Consumers all over the world are turning to Complementary and Alternative Medicine (CAM) more and more. There are many reasons why. Some patients have tried traditional medical treatment for chronic illnesses that have not worked and they want to try something new. Some can not afford traditional medical treatment, and CAM is generally less expensive. Some people like the naturalness of CAM, they think it is safer. What ever the reason, in the United States, 36% of adults are using some form of CAM. When megavitamin therapy and prayer specifically for health reasons are included in the definition of CAM, that number rises to 62%.
What is CAM? The National Center for Complementary and Alternative Medicine (NCCAM) defines complementary and alternative medicine as "a group of diverse medical and health-care systems, practice and products that are not presently considered to be part of conventional medicine." NCCAM classifies CAM therapies into five categories or domains: 1) alternative medical systems, or complete systems of therapy and practice; 2) mind-body interventions, or techniques designed to facilitate the mind's effect on bodily functions and symptoms; 3) biologically-based systems, including herbalism; 4) manipulative and body-based methods, such as chiropractic and massage therapy; and 5) energy therapies.
Alternative medical systems are as complex as conventional medicine. One example of alternative medical systems is Naturopathy, a system in which the body is encouraged to heal itself through changes in nutrition and lifestyle. Another example is Ayurveda, a system in which the body, mind and spirit are integrated to prevent or treat health problems.
Mind-body medicine includes practices that encourage the mind to positively affect the body. Meditation is an example of mind-body medicine. Meditation is a practice which encourages the patient to clear his mind and focus inward. Creative therapy also falls into this category of treatment and includes art therapy and music therapy. Patients are encouraged to express their feelings and hopes through drawing, painting, singing or playing a musical instrument.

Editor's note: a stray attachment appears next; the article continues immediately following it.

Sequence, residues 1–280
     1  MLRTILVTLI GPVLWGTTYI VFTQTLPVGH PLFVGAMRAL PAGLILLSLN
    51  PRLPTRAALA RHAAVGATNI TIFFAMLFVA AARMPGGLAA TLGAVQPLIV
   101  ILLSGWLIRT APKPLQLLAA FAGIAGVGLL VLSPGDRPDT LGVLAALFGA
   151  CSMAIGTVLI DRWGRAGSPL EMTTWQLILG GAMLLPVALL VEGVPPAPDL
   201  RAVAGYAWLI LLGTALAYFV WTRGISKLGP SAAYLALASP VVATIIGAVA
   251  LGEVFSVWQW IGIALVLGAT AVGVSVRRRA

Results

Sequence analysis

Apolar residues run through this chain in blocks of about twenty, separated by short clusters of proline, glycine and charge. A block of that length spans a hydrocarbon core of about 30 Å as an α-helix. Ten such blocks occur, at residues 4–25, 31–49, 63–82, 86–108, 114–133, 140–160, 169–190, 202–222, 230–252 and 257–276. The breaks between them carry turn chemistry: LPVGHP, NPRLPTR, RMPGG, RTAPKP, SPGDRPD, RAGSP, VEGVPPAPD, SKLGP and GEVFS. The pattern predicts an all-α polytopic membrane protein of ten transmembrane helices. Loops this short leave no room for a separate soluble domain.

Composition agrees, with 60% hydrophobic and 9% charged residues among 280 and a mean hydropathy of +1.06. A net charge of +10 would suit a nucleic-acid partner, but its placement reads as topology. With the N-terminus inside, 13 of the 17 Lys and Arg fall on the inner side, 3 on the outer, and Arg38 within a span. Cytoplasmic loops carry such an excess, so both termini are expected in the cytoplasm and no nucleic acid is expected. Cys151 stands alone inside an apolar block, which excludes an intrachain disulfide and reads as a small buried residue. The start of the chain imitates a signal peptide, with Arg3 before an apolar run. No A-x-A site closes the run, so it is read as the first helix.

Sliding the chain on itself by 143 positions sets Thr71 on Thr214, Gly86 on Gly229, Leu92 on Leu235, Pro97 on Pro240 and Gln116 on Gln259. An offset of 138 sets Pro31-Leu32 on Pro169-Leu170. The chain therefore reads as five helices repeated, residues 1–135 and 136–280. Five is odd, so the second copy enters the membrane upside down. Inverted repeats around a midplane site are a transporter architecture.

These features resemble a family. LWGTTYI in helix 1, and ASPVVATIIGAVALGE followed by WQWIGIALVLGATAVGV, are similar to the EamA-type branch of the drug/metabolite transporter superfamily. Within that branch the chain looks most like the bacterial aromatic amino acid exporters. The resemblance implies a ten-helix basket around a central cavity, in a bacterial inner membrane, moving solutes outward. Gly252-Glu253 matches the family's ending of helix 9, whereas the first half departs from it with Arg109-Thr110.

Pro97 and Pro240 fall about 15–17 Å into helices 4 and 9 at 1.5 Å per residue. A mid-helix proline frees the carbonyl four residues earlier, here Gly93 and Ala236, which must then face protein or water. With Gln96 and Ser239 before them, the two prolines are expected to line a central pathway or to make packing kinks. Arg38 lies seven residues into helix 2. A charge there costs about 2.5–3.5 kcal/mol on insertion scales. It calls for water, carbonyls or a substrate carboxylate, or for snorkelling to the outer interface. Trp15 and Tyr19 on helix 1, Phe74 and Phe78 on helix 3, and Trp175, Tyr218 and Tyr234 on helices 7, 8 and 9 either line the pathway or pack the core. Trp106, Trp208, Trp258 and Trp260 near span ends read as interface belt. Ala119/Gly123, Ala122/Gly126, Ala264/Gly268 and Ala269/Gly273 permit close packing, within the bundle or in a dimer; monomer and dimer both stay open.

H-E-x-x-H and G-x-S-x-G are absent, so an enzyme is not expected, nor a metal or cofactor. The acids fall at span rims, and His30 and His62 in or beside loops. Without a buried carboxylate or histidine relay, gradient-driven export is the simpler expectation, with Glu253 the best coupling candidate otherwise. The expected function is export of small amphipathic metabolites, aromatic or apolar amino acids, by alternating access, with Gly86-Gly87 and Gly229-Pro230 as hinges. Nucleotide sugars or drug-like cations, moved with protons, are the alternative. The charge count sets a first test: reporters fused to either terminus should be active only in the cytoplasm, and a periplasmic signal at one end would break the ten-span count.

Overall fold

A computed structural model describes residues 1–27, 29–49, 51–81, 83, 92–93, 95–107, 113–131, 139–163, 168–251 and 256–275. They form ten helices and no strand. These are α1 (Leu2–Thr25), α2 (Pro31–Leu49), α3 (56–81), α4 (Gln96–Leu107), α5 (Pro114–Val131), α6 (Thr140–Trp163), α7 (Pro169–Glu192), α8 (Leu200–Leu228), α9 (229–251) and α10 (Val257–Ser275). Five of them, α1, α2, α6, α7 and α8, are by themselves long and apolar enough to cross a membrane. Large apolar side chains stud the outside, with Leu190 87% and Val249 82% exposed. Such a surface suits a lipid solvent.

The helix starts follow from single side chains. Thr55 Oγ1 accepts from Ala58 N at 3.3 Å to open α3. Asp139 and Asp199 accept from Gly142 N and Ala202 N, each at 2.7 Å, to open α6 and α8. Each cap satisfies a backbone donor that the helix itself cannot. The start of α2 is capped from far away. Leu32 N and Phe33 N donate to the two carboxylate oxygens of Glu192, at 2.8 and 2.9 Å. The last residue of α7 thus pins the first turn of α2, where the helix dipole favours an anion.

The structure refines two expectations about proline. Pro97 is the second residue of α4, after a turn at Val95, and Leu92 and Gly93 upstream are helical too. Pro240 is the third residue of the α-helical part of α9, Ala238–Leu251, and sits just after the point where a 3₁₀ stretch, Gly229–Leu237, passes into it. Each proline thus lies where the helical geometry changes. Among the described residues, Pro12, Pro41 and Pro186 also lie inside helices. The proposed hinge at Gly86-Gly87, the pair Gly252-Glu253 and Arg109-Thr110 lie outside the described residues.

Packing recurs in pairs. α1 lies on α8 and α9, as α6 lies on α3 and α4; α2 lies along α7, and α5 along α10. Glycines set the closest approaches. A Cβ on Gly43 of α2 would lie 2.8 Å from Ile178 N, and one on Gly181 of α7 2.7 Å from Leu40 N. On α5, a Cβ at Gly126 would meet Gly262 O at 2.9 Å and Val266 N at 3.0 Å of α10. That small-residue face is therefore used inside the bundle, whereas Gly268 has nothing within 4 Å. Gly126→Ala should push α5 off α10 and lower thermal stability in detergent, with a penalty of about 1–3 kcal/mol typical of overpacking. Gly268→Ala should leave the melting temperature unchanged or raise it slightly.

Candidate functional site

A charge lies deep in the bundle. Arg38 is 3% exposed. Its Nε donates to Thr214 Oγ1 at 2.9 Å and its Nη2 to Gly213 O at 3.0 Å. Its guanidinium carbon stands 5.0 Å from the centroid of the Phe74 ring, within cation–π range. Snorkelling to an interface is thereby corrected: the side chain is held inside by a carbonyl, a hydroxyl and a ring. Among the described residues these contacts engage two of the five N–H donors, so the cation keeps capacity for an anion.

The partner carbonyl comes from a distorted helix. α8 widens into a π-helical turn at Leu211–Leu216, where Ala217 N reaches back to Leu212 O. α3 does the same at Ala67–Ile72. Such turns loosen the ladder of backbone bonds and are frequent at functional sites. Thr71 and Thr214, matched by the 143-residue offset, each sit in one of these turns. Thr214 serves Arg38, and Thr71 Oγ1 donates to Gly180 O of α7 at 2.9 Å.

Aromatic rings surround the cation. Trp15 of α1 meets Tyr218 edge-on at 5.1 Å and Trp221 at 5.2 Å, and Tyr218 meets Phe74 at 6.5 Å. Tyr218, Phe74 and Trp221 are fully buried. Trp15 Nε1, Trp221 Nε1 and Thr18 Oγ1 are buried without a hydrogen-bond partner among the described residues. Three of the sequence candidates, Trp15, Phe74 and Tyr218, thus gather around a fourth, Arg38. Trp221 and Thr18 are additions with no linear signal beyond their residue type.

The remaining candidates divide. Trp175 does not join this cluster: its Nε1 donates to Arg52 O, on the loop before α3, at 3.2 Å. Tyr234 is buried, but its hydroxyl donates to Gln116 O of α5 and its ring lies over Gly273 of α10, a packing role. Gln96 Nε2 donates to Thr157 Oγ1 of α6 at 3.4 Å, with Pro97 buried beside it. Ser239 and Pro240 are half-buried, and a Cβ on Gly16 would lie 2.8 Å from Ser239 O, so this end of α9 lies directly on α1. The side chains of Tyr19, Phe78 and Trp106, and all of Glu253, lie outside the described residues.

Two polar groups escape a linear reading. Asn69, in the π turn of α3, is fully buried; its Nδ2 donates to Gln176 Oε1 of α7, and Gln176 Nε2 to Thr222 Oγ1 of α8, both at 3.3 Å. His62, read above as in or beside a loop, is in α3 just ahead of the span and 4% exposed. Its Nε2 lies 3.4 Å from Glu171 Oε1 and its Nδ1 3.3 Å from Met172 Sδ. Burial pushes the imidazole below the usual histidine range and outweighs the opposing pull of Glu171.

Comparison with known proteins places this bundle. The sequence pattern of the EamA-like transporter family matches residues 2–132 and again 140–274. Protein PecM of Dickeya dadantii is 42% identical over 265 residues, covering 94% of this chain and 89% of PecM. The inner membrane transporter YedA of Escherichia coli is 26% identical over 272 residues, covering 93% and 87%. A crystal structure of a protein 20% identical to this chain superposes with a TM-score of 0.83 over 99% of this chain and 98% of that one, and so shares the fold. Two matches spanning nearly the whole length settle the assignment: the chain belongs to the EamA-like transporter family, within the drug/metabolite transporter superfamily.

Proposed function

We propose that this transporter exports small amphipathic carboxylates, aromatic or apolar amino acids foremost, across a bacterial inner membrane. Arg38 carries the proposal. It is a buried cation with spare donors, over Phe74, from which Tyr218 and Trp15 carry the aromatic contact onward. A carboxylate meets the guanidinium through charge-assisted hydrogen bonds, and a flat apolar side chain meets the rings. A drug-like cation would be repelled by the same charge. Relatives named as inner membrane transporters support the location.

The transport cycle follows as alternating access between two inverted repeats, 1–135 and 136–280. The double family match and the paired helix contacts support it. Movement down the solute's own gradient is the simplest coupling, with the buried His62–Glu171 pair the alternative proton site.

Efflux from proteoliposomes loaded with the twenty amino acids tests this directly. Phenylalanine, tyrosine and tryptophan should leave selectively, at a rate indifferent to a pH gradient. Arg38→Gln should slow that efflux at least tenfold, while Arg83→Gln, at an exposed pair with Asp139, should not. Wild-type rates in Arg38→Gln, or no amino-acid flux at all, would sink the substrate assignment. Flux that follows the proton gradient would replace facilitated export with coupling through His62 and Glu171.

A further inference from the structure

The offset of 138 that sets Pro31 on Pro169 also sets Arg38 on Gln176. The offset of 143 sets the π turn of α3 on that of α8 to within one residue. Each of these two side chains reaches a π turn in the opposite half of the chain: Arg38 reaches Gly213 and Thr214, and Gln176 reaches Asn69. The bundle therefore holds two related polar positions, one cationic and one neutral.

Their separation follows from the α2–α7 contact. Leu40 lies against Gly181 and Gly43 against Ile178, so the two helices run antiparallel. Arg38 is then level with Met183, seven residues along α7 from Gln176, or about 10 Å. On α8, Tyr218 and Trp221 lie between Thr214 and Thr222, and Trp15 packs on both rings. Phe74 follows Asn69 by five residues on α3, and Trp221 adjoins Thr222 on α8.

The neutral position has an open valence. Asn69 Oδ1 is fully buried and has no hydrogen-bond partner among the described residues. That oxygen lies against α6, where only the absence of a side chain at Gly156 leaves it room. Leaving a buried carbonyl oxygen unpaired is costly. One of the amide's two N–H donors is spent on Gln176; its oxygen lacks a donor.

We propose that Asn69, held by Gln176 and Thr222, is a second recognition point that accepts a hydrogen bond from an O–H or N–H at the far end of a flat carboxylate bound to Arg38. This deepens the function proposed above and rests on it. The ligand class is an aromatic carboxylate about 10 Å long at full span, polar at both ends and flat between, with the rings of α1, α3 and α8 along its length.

Biologically based systems use natural substances to assist the body fight illness. This includes using herbs to treat various illnesses.
Energy medicine involves the detection and manipulation of energy fields around the human body. It is used in a number of therapies, including Reiki, in which a practitioner is said to transmit energy to the patient through hands placed on or near the body, and Qi Gong, which uses a series of breathing and movement exercises to heal and strengthen the chi, a Chinese interpretation of the body's energy or life force.
Manipulative and body-based methods involve physical manipulation of the body to help the patient relax and to ease various symptoms. Chiropractic and massage therapy are included in this category. Reflexology is also in this category.
What is reflexology? Reflexology (sometimes called zone therapy) is a therapy in which the nerve endings primarily in the feet are stimulated by specific massage techniques to effect changes in another part of the body and thereby create health and help overcome disease. Reflexology therapeutically reduces stress and tension throughout the whole body. Consequently, blood and lymph circulation improves, nerve supply to the cells is improved, and the release of toxins from the body is increased. These physiological benefits facilitate improvement in the body's assimilation of nutrients, elimination of wastes, and the functioning of its immune system. In general, reflexology facilitates optimum functioning of all the systems of the body. It is in these ways that reflexology supports the body in its process of healing itself and maintaining optimum health.
Reflexology can be traced back to the birth of Christ. Its use is documented in Greece, Rome, the Orient, India and by Indians in North...
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